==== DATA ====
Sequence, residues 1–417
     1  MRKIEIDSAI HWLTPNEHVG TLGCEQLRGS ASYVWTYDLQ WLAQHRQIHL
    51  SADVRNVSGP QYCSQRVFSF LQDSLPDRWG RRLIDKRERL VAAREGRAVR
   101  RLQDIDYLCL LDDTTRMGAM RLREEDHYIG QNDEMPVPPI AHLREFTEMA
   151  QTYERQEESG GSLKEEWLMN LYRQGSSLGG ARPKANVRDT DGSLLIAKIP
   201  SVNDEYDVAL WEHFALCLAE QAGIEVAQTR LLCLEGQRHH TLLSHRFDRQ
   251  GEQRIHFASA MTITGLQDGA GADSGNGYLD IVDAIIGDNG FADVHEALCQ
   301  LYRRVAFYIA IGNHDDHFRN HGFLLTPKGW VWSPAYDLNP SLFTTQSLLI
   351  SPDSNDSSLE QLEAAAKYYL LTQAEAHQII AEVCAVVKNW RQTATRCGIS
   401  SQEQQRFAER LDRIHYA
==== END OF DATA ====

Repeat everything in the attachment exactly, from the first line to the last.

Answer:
Sequence, residues 1–417
     1  MRKIEIDSAI HWLTPNEHVG TLGCEQLRGS ASYVWTYDLQ WLAQHRQIHL
    51  SADVRNVSGP QYCSQRVFSF LQDSLPDRWG RRLIDKRERL VAAREGRAVR
   101  RLQDIDYLCL LDDTTRMGAM RLREEDHYIG QNDEMPVPPI AHLREFTEMA
   151  QTYERQEESG GSLKEEWLMN LYRQGSSLGG ARPKANVRDT DGSLLIAKIP
   201  SVNDEYDVAL WEHFALCLAE QAGIEVAQTR LLCLEGQRHH TLLSHRFDRQ
   251  GEQRIHFASA MTITGLQDGA GADSGNGYLD IVDAIIGDNG FADVHEALCQ
   301  LYRRVAFYIA IGNHDDHFRN HGFLLTPKGW VWSPAYDLNP SLFTTQSLLI
   351  SPDSNDSSLE QLEAAAKYYL LTQAEAHQII AEVCAVVKNW RQTATRCGIS
   401  SQEQQRFAER LDRIHYA